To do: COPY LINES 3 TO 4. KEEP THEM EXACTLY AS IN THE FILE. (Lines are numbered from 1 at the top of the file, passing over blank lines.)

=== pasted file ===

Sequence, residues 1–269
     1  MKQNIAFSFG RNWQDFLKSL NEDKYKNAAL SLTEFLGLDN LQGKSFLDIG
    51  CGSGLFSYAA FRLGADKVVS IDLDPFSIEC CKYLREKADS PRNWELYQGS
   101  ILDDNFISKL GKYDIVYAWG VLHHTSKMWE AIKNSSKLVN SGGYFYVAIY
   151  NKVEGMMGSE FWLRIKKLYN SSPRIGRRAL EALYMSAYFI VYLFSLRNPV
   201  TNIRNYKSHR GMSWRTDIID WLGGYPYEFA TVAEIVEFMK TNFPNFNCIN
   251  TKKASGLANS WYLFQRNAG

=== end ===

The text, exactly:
    51  CGSGLFSYAA FRLGADKVVS IDLDPFSIEC CKYLREKADS PRNWELYQGS
   101  ILDDNFISKL GKYDIVYAWG VLHHTSKMWE AIKNSSKLVN SGGYFYVAIY